Should ISPs be mandated to keep internet records of their customers? It is a question that I’ve debated with others for a while now without any real resolutions. Phone companies, I believe, are required to keep records of their customers for 3 years. It does make sense on occasion, if the information is required for a criminal investigation. The issues with doing something similar for internet records are three-fold, as I see it:
- The hard disk space/processing power required to keep such records are much more intensive than for a phone company. ISPs don’t want to have to invest in such technologies.
- People are used to a free (not as in beer) and somewhat anonymous internet. It will take an entire generation of users to come and go before such legislations will be accepted.
- The potential for misuse of a persons web-surfing habits is much higher than with a persons phone record. If keeping reocords is mandated, then there need to be strict safeguards against its misuse.
Internet crime is on the rise and as more of the worlds economy and infrastructure moves online, so will crime. While some form of record keeping is necessary and perhaps inevitable, such a legislation needs to be carefully considered before it is implemented. The New York Times has an article that reports that the US is asking companies to now do this.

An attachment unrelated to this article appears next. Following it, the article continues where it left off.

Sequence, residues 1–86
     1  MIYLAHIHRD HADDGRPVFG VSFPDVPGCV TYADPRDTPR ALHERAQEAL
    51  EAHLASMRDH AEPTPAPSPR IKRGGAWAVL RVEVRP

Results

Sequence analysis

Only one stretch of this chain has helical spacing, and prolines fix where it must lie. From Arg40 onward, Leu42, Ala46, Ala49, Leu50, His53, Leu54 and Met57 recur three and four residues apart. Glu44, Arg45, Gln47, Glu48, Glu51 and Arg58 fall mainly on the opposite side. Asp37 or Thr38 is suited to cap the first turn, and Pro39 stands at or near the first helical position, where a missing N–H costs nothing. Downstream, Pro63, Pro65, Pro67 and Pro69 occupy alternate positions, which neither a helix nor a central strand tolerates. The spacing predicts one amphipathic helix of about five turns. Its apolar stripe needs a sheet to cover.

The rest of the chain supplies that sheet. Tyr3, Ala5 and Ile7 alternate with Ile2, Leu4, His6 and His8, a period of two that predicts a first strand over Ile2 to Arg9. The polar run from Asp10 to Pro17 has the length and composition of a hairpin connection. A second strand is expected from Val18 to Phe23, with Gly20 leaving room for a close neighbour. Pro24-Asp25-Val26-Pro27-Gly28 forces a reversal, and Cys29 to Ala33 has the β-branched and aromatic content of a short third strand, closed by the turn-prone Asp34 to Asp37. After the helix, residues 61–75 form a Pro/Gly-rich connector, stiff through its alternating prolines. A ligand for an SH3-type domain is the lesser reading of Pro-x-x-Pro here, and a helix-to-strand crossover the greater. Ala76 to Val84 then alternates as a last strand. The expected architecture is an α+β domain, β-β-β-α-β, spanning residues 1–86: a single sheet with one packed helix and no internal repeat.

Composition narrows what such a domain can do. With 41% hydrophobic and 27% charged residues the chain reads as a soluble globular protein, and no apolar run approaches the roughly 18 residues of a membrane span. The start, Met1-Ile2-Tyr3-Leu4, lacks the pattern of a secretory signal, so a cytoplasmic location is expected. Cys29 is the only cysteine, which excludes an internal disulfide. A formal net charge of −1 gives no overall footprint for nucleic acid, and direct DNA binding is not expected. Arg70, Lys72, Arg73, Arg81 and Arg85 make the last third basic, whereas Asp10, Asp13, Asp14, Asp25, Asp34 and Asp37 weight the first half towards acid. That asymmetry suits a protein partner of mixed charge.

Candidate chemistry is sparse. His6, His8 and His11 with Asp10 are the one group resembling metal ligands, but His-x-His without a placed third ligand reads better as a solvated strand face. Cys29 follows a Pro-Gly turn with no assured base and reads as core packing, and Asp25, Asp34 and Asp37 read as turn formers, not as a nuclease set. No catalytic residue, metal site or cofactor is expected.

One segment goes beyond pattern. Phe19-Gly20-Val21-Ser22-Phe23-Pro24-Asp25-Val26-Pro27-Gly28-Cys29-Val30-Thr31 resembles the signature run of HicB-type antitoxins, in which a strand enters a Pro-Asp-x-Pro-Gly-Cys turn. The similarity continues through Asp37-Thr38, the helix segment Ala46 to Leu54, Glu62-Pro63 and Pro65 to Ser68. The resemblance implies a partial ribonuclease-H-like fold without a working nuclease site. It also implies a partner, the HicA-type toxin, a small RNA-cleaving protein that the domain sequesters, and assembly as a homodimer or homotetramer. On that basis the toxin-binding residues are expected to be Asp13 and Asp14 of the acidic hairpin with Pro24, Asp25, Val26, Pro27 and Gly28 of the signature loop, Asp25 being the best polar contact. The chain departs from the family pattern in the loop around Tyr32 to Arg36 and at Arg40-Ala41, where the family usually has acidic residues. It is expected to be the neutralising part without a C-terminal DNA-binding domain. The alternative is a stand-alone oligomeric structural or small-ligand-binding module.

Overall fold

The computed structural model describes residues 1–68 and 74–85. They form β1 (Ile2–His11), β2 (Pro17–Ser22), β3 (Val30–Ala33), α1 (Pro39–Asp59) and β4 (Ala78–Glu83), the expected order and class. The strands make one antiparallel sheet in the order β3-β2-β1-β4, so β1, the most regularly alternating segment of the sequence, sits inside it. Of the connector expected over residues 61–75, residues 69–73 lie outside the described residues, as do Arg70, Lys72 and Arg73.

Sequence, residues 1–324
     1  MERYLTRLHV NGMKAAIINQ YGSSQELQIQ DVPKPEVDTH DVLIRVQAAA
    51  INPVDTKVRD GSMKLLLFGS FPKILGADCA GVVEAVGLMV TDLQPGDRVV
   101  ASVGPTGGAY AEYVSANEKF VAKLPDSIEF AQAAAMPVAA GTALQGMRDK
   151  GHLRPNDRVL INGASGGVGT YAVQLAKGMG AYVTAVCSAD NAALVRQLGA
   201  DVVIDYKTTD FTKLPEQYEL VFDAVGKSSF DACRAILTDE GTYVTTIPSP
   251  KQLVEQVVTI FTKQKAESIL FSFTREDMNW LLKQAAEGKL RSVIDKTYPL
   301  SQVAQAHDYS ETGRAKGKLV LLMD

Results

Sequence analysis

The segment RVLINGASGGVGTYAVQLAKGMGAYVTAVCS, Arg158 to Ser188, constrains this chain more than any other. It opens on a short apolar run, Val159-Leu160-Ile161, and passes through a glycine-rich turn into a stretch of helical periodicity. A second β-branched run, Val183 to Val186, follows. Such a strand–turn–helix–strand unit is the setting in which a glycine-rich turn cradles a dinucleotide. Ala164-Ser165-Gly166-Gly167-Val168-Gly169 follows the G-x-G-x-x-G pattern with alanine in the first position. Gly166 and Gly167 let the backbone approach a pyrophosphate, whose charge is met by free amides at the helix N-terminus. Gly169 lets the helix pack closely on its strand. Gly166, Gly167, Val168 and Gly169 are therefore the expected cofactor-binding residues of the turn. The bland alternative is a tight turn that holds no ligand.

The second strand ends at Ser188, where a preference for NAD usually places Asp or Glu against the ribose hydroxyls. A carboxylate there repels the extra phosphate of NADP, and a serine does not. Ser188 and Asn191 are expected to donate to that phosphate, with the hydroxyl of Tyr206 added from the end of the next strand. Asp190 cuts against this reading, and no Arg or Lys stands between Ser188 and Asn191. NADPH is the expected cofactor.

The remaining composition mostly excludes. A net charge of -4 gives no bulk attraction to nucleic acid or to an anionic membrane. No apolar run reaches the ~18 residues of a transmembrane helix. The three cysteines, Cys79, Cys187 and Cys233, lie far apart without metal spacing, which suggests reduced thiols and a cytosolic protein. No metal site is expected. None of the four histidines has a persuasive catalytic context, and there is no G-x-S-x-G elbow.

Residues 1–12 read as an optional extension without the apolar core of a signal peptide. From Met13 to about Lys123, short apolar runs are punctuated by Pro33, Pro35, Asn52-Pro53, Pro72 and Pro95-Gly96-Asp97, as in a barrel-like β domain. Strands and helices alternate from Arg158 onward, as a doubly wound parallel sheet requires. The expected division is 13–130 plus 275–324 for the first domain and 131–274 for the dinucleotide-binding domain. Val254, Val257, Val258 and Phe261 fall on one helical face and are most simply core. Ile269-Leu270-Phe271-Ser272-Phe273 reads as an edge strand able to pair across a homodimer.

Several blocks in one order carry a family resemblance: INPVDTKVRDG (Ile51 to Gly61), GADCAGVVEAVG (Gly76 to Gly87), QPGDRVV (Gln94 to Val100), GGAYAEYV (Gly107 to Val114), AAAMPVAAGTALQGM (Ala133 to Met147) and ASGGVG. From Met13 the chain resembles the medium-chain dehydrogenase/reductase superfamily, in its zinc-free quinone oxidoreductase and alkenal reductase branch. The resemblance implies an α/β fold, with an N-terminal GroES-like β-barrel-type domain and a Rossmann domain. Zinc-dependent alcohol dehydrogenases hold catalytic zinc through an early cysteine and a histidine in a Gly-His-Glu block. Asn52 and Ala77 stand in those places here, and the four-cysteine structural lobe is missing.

The article is reproduced below with all credit going to the author and the NY Times.
U.S. Wants Companies to Keep Web Usage Records
The Justice Department is asking Internet companies to keep records on the Web-surfing activities of their customers to aid law enforcement, and may propose legislation to force them to do so.
The director of the Federal Bureau of Investigation, Robert S. Mueller III, and Attorney General Alberto R. Gonzales held a meeting in Washington last Friday where they offered a general proposal on record-keeping to a group of senior executives from Internet companies, said Brian Roehrkasse, a spokesman for the department. The meeting included representatives from America Online, Microsoft, Google, Verizon and Comcast.
The attorney general has appointed a task force of department officials to explore the issue, and that group is holding another meeting with a broader group of Internet executives today, Mr. Roehrkasse said. The department also met yesterday with a group of privacy experts.